Jury signals that it will sentence James Holmes to death in theater shooting case

After less than three hours of deliberations, the jury in the James Holmes murder trial unanimously decided today that the evidence the defense presented in mitigation last week regarding his schizophrenia at the time he shot and killed 12 people and wounded 70 at the midnight showing of a new Batman film in Aurora, CO did not outweigh the evidence presented by the prosecution in aggravation about the nature of the crime.

The verdict shocked me because schizophrenia is a debilitating mental illness characterized by delusional thinking that compromises a person’s ability to perceive reality accurately and react to it in a rational matter. People do not choose to be schizophrenic. Patients suffering from schizophrenia have difficulty managing their lives, even if they take their anti-psychotic medicine as prescribed. Many end up homeless and untreated until they are arrested by police and taken to jail for minor property offenses like trespassing or shoplifting. Only a small percentage of schizophrenics commit violent crimes. As in this case, there is no reason to think they would have committed the crime if they were not mentally ill.

Court will resume tomorrow to hear victim-impact testimony. The prosecution plans to call 15 witnesses to testify regarding how their lives have been impacted by the shootings. Given the verdict today, I think the jury is going to sentence him to death, regardless what the witnesses say.

This is one of those days when I feel like I do not know this country anymore.

12 Responses to Jury signals that it will sentence James Holmes to death in theater shooting case

  1. bettykath says:

    Good news. Holmes gets life in prison. The jury couldn’t unanimously agree to the death penalty.

    • I’m surprised since a week ago (before the victim impact testimony) the jury decided that the mitigation evidence did not outweigh the aggravation evidence. I suspect the change might be the due to the difference in believing you can kill someone versus actually doing it. Someone on that jury could not pull the proverbial trigger.

  2. bettykath says:

    There have been, and still are, times when people lust for blood. Consider the inquisitions. And the French revolution when crowds gathered for the guillotine. The witch trials of New England (not just Salem). I recently saw a picture of the last public execution in this country, a hanging, with a huge crowd gathered to watch. While there may be communities where all live in peace, tolerance, and harmony, most have those who hate, are intolerant of all and who have a blood lust for those they hate, however irrationally.

  3. racerrodig says:

    I don’t even know what to say on this. It’s beyond tragic this happened, BUT the mental help he was getting screwed up right on down the line and here we are.

    A man with mental issues, and by law as I understand it should be getting help and I don’t have a problem with life no parole. That’s an even worse sentence to some them death.

    It looks like the jury is making a statement here, not a decision.

  4. Rachael says:

    I haven’t known this country for a long time. 😥

  5. ed nelson says:

    I have a long time acaquantance who is ”special needs/ certified” and weirdly, I thought brought up the aforsfaid perp , who I didn’t remember off hand know, for the reason that he ”just wished he could be in charge of the punishment, including his inovative creativity for finding new tortures to apply”! I stepped back sort of agast, as I saw this as a cheap shot, in that there is no one to stand up for such a one fallen so completely low as one who comitted bad crimes. It opens up the flood gates for all sorts of ”folks” who are barely able to restrain the the rabid desire to… “Throw the first stone!!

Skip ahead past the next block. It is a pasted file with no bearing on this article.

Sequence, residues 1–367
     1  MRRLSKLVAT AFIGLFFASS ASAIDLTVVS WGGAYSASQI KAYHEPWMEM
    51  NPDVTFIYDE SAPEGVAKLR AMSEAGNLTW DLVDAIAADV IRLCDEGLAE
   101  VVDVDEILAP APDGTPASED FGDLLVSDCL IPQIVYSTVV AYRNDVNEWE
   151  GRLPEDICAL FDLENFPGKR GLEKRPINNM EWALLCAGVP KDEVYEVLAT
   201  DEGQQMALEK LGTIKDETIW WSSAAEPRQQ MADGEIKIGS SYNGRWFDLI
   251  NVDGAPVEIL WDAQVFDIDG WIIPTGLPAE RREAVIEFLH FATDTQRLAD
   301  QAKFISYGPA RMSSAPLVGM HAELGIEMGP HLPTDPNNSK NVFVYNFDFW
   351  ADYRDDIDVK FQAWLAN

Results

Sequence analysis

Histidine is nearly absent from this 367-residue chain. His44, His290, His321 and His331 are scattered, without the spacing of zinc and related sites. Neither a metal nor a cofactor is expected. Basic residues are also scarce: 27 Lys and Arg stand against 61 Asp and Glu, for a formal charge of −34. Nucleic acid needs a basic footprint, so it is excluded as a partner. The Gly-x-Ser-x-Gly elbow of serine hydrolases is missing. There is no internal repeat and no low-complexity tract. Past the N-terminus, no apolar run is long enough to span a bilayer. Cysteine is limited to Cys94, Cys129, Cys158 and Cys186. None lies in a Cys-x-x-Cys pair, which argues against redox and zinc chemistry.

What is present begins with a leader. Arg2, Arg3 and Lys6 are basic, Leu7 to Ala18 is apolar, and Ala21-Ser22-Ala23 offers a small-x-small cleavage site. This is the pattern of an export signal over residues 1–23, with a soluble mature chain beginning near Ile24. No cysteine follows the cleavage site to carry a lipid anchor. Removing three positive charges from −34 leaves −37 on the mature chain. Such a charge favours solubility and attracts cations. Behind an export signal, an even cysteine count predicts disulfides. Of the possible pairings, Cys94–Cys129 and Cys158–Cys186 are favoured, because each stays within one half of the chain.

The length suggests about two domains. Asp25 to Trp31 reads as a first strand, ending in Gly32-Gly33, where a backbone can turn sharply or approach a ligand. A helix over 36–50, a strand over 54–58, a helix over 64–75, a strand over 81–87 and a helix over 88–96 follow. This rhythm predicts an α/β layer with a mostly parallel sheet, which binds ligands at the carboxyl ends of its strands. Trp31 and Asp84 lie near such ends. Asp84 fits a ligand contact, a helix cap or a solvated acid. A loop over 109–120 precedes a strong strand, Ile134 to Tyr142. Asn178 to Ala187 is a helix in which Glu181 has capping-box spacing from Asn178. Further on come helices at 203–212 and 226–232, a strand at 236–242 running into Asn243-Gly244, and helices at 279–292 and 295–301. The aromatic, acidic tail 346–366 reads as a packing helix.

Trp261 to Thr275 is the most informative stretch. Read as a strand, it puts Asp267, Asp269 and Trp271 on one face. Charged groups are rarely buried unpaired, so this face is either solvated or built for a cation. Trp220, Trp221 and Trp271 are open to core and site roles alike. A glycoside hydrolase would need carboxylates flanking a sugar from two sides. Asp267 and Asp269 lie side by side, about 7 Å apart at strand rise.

What anybody like that!

  6. Two sides to a story says:

    That is the depth of depravity in America speaking. We could have had stringent gun control laws to prevent James Holmes from buying guns to begin with, we could have a better mental health care system, but now people want to engage in state-sanctioned murder instead after many failures by the system to do what it’s supposed to be doing.

    May God or the Buddhas and Bodhisattvas have mercy on this country, for it is headed down a sure path to further depravity and destruction.

    • Malisha says:

      I believe the free-floating misguided rage of the majority of citizens in our country, coupled with the false sense of power the psycho-pawns have adopted from TV, media and the “common wisdom,” have morphed into a violent, convulsing, destructive force that we probably cannot calm down, reign in or redirect, ever. But I don’t really know if this represents a big change in our psychosocial culture. We started, after all, as a genocidal sprinkle of abuse survivors misusing religion as the excuse for every misbehavior known to man. We then institutionalized our murderous and larcenous impulses into slavery and capitalist exploitation. After a brief hiccup or two of rational movement toward reform and progress, we appear to be rolling back the time machine and cranking out the money at an unstoppable rate. I am grateful to not have any grandchildren.

      • I’m hoping that the SCOTUS will soon decide that, due to evolving community standards of decency, imposing the death penalty on a person who was schizophrenic and delusional at the time of the murder violates the Eighth Amendment prohibition of cruel and unusual punishment.

        I realize I’m delusional.

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